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There are often many complications associated with the disease diabetes. Diabetes often disrupts the vascular system, affecting many areas of the body such as the eyes, kidneys, legs and feet. It is recommended that everyone with diabetes or high blood sugar levels gets their feet tested to determine if there is any deterioration of the blood supply or feeling to the feet to prevent diabetes-associated complications.



Diabetic foot conditions develop from a combination of causes including poor circulation and Neuropathy. Diabetic neuropathy can cause insensitivity or a loss of ability to feel pain, heat and cold. Diabetics suffering from neuropathy can develop minor cuts, scrapes, blisters or pressure sores that they may not be aware of due to the insensitivity. If these minor injuries are left untreated complications may arise and lead to ulceration and possibly even amputation.

Neuropathy can also cause deformities such as Bunions, Hammer Toes and Charcot Feet.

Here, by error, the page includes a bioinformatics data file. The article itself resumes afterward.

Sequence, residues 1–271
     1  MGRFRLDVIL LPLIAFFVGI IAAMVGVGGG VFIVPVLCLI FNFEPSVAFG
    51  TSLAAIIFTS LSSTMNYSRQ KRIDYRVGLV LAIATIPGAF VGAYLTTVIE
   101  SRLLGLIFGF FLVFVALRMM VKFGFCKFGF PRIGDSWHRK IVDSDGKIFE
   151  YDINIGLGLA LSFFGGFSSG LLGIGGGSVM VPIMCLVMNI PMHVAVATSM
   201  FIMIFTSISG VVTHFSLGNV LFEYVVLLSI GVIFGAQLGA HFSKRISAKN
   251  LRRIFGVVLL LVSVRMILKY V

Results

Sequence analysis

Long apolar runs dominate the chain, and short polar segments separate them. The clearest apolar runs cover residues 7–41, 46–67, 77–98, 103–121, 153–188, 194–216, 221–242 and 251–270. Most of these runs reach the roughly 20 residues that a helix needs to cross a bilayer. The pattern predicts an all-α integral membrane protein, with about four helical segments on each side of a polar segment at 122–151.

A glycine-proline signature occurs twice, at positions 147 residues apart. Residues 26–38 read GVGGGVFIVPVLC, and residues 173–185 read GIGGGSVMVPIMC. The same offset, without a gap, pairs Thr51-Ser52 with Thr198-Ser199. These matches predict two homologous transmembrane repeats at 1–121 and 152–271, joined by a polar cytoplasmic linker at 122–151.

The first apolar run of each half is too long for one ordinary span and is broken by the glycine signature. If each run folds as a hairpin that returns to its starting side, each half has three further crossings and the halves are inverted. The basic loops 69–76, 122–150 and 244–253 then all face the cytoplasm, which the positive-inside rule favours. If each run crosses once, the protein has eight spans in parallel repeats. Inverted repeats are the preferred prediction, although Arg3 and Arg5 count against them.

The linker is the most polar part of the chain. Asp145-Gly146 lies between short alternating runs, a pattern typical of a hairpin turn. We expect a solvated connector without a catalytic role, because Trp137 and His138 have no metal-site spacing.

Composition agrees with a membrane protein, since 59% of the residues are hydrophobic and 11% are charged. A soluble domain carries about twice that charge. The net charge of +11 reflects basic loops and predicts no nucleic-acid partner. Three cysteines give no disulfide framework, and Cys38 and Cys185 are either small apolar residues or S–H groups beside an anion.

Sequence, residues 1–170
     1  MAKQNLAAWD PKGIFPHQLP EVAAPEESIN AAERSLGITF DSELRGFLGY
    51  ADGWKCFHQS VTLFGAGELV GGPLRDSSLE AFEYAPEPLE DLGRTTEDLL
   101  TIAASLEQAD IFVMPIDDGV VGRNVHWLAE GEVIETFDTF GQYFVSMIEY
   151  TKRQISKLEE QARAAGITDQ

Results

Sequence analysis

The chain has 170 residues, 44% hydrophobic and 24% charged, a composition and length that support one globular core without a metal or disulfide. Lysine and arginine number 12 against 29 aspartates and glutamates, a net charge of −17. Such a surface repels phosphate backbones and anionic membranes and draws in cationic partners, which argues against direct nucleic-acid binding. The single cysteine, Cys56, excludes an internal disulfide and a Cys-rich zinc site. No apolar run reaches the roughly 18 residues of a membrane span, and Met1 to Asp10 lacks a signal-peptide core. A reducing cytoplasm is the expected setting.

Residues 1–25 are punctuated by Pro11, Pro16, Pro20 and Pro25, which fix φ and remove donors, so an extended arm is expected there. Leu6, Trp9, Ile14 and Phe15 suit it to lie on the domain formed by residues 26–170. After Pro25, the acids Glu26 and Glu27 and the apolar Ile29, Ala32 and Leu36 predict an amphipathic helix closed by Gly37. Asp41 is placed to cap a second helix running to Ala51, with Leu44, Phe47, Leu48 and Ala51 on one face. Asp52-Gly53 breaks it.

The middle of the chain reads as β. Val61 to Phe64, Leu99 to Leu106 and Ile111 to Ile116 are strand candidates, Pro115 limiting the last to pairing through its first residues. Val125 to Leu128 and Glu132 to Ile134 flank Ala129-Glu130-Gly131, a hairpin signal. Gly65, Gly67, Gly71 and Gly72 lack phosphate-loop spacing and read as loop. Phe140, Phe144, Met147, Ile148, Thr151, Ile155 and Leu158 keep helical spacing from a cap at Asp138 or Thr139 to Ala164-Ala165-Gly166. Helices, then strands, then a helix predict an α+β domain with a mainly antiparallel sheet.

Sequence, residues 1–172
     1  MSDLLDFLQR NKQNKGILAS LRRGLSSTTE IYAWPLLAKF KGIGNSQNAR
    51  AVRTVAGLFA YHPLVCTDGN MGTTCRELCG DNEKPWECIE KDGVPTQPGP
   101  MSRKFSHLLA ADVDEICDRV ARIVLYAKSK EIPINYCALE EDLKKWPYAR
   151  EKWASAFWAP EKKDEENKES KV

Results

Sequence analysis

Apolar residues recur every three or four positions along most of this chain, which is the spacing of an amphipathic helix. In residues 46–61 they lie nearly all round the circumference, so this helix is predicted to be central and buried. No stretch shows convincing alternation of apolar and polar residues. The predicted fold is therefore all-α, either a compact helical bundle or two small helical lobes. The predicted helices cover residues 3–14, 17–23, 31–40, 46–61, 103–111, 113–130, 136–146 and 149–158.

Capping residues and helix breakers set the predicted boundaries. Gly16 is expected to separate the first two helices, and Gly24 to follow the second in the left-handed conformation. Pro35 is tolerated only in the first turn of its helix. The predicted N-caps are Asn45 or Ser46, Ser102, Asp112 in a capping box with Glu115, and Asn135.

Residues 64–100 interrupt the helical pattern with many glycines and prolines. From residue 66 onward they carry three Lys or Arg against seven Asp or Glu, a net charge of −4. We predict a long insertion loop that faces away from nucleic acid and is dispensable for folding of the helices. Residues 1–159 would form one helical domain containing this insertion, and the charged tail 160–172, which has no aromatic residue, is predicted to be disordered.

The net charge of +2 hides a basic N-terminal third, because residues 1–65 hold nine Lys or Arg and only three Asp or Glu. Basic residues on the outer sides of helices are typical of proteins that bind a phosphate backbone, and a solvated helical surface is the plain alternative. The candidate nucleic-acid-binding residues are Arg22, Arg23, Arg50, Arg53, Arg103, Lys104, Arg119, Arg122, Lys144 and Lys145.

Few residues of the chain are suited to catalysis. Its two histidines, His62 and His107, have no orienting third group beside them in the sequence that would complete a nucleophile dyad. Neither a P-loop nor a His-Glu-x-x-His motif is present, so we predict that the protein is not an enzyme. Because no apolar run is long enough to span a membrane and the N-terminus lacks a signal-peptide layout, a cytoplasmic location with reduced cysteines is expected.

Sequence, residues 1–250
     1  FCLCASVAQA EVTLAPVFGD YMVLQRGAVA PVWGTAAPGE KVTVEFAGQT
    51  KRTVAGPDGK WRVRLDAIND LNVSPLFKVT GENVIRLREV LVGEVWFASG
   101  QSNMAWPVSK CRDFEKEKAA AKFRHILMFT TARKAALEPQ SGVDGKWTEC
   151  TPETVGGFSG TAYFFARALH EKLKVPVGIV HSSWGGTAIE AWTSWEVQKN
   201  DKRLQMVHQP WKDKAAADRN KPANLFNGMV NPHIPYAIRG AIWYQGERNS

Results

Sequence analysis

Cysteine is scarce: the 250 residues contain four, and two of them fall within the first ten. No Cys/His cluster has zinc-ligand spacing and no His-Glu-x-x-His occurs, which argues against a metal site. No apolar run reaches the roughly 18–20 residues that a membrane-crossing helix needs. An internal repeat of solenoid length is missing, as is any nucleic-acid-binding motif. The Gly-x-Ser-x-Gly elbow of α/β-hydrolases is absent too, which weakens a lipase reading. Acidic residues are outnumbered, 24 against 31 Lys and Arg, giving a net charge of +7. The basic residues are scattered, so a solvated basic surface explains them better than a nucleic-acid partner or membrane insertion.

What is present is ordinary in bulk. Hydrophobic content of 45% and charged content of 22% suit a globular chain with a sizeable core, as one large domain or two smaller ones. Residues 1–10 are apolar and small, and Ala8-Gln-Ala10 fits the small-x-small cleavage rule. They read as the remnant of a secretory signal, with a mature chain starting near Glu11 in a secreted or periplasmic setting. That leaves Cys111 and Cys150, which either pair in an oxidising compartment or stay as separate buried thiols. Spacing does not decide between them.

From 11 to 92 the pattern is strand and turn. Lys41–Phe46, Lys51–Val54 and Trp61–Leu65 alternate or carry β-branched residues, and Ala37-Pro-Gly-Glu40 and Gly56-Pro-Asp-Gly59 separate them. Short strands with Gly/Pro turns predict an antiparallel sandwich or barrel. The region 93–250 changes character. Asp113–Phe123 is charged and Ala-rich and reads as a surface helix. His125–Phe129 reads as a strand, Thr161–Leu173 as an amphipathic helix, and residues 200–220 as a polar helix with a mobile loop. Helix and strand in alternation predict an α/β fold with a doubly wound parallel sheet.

It is very important for diabetics to take the necessary precautions to prevent all foot related injuries. Due to the consequences of neuropathy, daily observation of the feet is critical. Taking the necessary preventive foot care measures can reduce the risks of serious foot conditions for diabetic patients.


Poor Circulation

Diabetes often leads to peripheral vascular disease which inhibits a person’s blood circulation. With this condition there is a narrowing of the arteries that leads to significantly decreased circulation in the lower part of the legs and the feet. Poor circulation contributes to diabetic foot problems by reducing the amount of oxygen and nutrition supplied to the skin and other tissue, therefore causing injuries to heal slowly.

Poor circulation can also lead to swelling and dryness of the foot. Preventing foot complications is critical for diabetic patients as poor circulation impairs the healing process and can lead to ulcers, infection and other serious foot conditions.

We can assess your feet and let you and your doctor know your risk of diabetes.  Contact us for more information or to make an appointment.


For more information about foot problems, go to our Advice Centre which has factsheets you can download as well as the latest news on foot conditions or just contact us with your questions.